Any answers with explanation??
No you are not at risk. All you did was touch some dry blood that may not even be HepC infected. Then you scratched your eye. You didn't have any blood to blood contact. No blood to blood, no transmission.
As a medical student I would think you would have access to better sources of information than than a online patient forum for hepatitis C.
A better source of information would be from the US CDC; Centers for Disease Control.
Hepatitis FAQ for the general public:
Hepatitis C FAQs for Health Professionals:
From the above link
How is HCV transmitted?
HCV is transmitted primarily through large or repeated percutaneous (i.e., passage through the skin) exposures to infectious blood, such as:
Injection drug use (currently the most common means of HCV transmission in the United States)
Receipt of donated blood, blood products, and organs (once a common means of transmission but now rare in the United States since blood screening became available in 1992)
Needlestick injuries in health care settings
Birth to an HCV-infected mother
Thanks flyinlynn. But CDC doesn't mention contaminated finger by dried blood and inoculation into eye as a route. It only mentions splash to eye as an established route. So i was confused.
Any other views from experts??
You won't find any experts as we are all mostly patients who have gone thru tx. Please realize, that you are talking about a subject that "may have dried microscopic blood on it", that means you don't even know for sure if it was really blood or not. Then you are assuming that it may have been infected with HepC. Please, if you continue to stress out, see a doctor and get tested. good luck!!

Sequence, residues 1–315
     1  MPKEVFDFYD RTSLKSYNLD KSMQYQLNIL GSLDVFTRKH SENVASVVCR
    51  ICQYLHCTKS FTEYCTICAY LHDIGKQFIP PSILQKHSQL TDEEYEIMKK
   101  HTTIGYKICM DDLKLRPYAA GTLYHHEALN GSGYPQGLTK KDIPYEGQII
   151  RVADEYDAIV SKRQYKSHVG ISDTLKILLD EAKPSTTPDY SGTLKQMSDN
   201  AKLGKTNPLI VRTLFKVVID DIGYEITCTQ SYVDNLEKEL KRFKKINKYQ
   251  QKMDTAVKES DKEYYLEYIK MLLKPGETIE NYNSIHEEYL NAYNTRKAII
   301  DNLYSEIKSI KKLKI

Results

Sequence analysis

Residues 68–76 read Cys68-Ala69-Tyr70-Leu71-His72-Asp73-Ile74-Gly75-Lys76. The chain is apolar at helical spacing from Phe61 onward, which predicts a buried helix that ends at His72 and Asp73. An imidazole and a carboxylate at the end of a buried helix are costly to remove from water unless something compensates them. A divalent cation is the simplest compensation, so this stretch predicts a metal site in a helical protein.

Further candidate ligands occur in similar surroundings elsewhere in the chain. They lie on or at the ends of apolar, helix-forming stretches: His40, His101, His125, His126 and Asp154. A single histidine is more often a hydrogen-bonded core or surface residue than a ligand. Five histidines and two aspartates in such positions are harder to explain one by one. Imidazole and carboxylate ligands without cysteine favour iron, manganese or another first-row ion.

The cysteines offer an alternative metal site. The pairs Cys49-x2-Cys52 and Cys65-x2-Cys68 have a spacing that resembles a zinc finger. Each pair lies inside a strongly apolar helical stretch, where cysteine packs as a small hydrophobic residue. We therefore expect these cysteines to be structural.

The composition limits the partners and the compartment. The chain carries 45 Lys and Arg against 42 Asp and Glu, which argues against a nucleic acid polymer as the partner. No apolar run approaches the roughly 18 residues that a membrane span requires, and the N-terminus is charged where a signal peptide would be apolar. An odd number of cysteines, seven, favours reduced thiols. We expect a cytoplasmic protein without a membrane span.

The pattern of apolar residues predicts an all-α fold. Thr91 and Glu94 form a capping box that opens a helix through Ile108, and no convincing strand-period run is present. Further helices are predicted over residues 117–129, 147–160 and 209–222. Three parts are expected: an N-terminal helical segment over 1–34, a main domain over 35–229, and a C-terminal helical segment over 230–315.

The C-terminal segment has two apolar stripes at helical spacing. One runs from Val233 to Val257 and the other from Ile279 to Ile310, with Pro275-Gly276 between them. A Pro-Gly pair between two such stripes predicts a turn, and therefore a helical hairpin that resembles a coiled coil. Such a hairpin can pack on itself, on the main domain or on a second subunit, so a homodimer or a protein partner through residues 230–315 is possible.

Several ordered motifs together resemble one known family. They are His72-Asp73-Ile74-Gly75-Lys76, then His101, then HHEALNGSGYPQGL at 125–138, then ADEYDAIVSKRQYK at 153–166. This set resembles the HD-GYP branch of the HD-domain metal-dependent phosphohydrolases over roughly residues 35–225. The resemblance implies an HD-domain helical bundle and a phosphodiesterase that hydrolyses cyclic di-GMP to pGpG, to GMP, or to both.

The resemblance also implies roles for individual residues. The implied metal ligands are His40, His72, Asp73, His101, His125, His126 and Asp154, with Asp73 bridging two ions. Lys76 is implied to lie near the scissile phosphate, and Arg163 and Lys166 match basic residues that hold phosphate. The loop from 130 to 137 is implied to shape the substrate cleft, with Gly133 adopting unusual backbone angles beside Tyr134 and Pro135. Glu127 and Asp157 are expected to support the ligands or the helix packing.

The reason it is not mentioned is because it is not really a known route of infection. Hep requires blood containing grocery to come into contact with the blood stream of an uninfected person. Even health care workers who have experienced a accidental needle stick involving a patient known to be infected with hepatitis C The odds of transmission are only about 1.8%. Your situation would of course be much lower odds than that.
As fretboard said if you have concerns about thos incident get tested but the odds of you having contracted hepatitis C in this circumstance would be obviously less than a person who had an accidental needle stick from a patient who hap c.
If worried get tested. If you are ever found to have hep c now or at some time in the future get treated and get cured either way you have nothing to worry about.
Darn spell check grocery should be hepatitis c
This article from MedHelp.org provides information on who's at risk for Hepatitis C. It might help you sort out when you need to be concerned, and when you don't.